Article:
Are there any 100% pure languages (as I describe in the Stack Overflow post) out there already and if so, could they feasibly be used to actually do stuff? i.e. do they have an implementation? I'm not looking for raw maths on paper/Pure lambda calculus. However Pure lambda calculus with a compiler or a runtime system attached is something I'd be interested in hearing about.
Indeed, as Simon Peyton Jones once stated, Haskell is the finest imperative language out there.
Seriously, purity is not a religious issue. The problem is not that impure functions and mutable data exist. The problems in conventional languages is that often you can't tell impure frm pure and mutable from immutable: not by looking at it, not by compiling it, only by running it.
This is the great advantage that Clean, Haskell (and followers like Frege) have. Conversely, languages like F#, Scala or Clojure that embrace the imperative world and just add the possibility to build something functional alongside suffer from the same problems as the imperative languages, although they may seem very practical indeed.
It seems to me you're trying to reinvent Haskell.
Nice description of how IO is done in Haskell.
You mean monads?
After the first half (M a) prompted the user to provide data (of type a), the second half (a -> M b) is the the "remainder" you describe.
If Haskell allowed you to introspect functions instead of just allowing you to run them, it would also be homoiconic.
I would regard Haskell as 100% pure. And it can certainly get stuff done.
While there are some good debates about what "100% pure" actually means, it is certainly not true that a pure functional language cannot do IO. See also the comp.lang.functional FAQ.
All you have to do to allow IO in a pure language is pass a parameter that represents the state of the world to the program, and return the state of the world as an output. This program has no side effects, is referentially transparent and counts as 100% pure. This is pretty much what Haskell's IO Monad does under the hood.
A special mention perhaps for Clojure, which is definitely a practical language with the entire JVM ecosystem and toolchain to your fingertips. It is clearly not 100% pure (since you can get side effects via the STM managed references, various IO functions or Java interop). However the core language if you avoid these special cases is purely functional. So if you stick to the pure subset of Clojure, you actually have a pretty decent pure functional language for most purposes.
A "pure" language that couldn't do IO couldn't do much. ...after all, even printing a result on the screen is IO. So if you can't see the result of a program, wouldn't it be rather pointless?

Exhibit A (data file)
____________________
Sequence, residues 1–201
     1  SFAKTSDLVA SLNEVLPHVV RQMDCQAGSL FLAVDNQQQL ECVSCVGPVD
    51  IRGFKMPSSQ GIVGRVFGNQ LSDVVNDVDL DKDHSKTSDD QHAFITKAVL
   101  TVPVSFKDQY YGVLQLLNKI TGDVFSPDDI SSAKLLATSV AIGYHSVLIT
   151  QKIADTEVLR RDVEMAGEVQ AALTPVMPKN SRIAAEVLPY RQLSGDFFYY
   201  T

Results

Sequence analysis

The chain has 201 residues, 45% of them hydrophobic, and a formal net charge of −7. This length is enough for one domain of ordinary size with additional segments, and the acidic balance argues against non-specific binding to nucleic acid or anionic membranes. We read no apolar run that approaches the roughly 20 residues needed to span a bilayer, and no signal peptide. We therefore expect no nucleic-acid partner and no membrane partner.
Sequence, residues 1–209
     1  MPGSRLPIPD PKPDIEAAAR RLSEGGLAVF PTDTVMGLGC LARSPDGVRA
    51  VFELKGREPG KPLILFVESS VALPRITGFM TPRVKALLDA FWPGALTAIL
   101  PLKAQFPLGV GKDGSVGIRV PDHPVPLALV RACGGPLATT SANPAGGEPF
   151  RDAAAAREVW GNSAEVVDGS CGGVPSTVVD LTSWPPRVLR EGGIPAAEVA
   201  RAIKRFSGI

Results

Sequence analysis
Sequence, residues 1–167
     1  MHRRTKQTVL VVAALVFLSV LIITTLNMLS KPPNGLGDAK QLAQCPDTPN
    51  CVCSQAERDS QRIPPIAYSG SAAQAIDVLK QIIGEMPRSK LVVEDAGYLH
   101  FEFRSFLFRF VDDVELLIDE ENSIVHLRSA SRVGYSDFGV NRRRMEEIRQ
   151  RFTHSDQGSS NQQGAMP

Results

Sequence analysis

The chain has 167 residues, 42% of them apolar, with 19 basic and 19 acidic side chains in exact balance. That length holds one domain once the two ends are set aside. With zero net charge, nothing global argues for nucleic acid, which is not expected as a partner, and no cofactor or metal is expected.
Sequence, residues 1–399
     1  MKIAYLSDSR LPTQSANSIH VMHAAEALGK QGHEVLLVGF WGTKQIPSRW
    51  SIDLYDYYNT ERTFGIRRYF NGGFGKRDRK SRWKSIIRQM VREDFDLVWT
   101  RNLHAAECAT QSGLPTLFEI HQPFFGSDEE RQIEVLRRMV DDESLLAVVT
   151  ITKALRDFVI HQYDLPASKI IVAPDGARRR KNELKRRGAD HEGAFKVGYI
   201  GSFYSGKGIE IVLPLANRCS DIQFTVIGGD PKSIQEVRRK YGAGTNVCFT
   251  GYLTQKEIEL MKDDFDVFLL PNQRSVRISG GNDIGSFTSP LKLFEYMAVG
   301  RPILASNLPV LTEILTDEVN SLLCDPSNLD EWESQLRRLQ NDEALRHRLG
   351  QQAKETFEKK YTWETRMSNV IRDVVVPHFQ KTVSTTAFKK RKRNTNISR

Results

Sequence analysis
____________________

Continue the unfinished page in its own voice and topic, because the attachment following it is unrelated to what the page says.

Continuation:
You couldn't read files, couldn't listen to sockets, couldn't interact with users, couldn't ask for input... etc. What good would that be?
That said, Haskell is the closest to "pure" (whatever that means) functional programming I know of. Their whole IO system is even made using Monads, which kind of a mix between IO and functional.
I also know of "Clean" which is an academic functional language and sees IO as a transform of a World object if I remember right ...however, this starts to be very exotic.
The key is to understand that people who say "purely functional language" really mean to say "pure functional language" --- a language based on pure functions --- and "purely functional" is a slip of the tongue that's become conventional. The motto is "it's the functions that are pure, not the language".
Now, obviously you can't do I/O with pure functions1. This makes purely functional languages different from impure languages, where a function like (made-up semantics)
could be attributed the type
So the IO monad in Haskell is just a data type. A value of that type represents a list of I/O actions for the program to perform (basically). At runtime, the computer alternates between evaluating that list a little further and executing the actions described. But the evaluation does no I/O! That happens after the value's already been obtained.
1 Without defining additional semantics. You could say "a program is a function of type
You define functions that operate on values over time. Those functions can hold a state, in which case they are called nodes. In Signal, nodes and functions are different kind of processes. But the way the state is defined is by referring to previous values of flow variables.
So you could for example code a state machine by having an internal state variable. At each timestep, the new state is defined as a (pure) function of current inputs and the previous state.
When it comes to compiling those languages into, e.g. C, you get global variables that get overwritten inside a big for loop (the apparent antithesis of pure functional programming), but that's actually perfect in a context where static memory allocation and deterministic runtime execution are required.